There’s hope yet for residents enraged that their dilapidated shopping center is soon to be demolished, even though it’s not even abandoned. It may not be history, because it may be history.
City Council on Monday adopted three resolutions to stall demolition of the Lafayette Park Shopping Center while committees investigate the possibility of designating it a historic landmark. The shopping center is not the work of famed German architect Ludwig Mies van der Rohe, who designed nearby townhouses and apartment buildings. But van der Rohe intended for a shopping center and the nearby school to create an integral urban development, a cutting-edge concept when it was envisioned 40 years ago. “When you look at the underlying urban history,” says Bill Worden, director of the city’s Historic Designation Advisory Board, “you’re looking at a whole, not pieces of a whole. It’s extremely important on a national level.”
The development was once the subject of a documentary.
Former city parks planner Harriet Saperstein says the center is a vital element of the city’s most racially and economically integrated area. City Council also stated in a resolution that it would fight any attempt to rezone the property from commercial to residential, following rumors that the center’s owner, The Habitat Company of Chicago, may want residential units on the site.
Meanwhile, council members are scratching their heads after learning last week that the Section 8 housing complex across the street from the center was boarded up by the U.S. Department of Housing and Urban Development and its residents were relocated. Turns out that on July 16, the city bought Rochdale Courts apartments, 44 efficiency units for low-income seniors, from HUD for $10. City Planning Director Henry Hagood signed the check. Councilwomen Sheila Cockrel and Maryann Mahaffey say the sale was illegal because City Council did not approve the purchase. Hagood apologized to council last week, saying he did not realize he was breaking protocol, despite the fact that he was a department director under former Mayor Coleman Young. Cockrel says HUD plans to spend $390,000 to take down Rochdale Courts. A secretary at HUD’s local office informed News Hits that the entire staff was out of the office and could not be reached on Friday, but according to a HUD official in Washington, D.C., who asked not to be named, the federal agency foreclosed on the property when its owner, Cygnet Management, defaulted on the mortgage.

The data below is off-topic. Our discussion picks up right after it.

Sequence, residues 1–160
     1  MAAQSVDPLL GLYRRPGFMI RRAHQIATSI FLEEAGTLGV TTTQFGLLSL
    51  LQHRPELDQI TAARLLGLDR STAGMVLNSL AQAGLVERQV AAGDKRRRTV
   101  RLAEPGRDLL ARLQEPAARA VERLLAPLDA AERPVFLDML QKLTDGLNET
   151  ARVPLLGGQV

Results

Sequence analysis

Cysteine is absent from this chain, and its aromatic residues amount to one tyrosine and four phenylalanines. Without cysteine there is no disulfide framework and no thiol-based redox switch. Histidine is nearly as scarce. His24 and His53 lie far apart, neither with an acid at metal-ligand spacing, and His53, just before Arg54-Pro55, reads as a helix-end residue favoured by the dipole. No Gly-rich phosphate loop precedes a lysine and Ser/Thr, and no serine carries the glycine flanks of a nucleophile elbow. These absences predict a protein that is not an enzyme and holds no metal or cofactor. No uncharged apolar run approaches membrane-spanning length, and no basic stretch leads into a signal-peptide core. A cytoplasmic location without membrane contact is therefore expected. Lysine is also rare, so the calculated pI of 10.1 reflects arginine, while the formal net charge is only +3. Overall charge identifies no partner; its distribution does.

Cockrel wants answers before any demolition takes place. “How could the city purchase it without council’s approval? Why, when there is a waiting list for affordable housing and senior housing, why would you tear it down? Why is HUD evicting low-income people?” Cockrel and others are suspicious about the moves to expedite demolitions on either side of Lafayette, near Orleans. “They are claiming there’s no plans for the property. Bull,” says Cockrel.
A couple hundred protesters gathered at the shopping center last week to hear politicians and community leaders denounce evictions of the businesses located there and to discuss ways of saving the mall. Carol Weisfeld, vice president of the Riverfront East Alliance, said she’s spoken by phone to Dan Levin, CEO of The Habitat Company and cousin to Michigan legislators Sander and Carl Levin. In 1991, Dan Levin was named a director of the Washington, D.C., lobbying group National Multi Housing Council. “I said, ‘Mr. Levin, you have no idea of the power this community has when people get angry.’”
“We want to make Dan Levin’s life so miserable that he can’t wait to sell this shopping center,” she said.
Mahaffey says she knows that new businesses have tried to rent space in the half-full center and have been turned down. Cockrel says the whole deal reads “like a Fellini movie … Don’t tell me somebody doesn’t have an agenda. The question is to peel back the layers and see if we can find it and effect it.”Lisa M. Collins is a Metro Times staff writer. E-mail firstname.lastname@example.org
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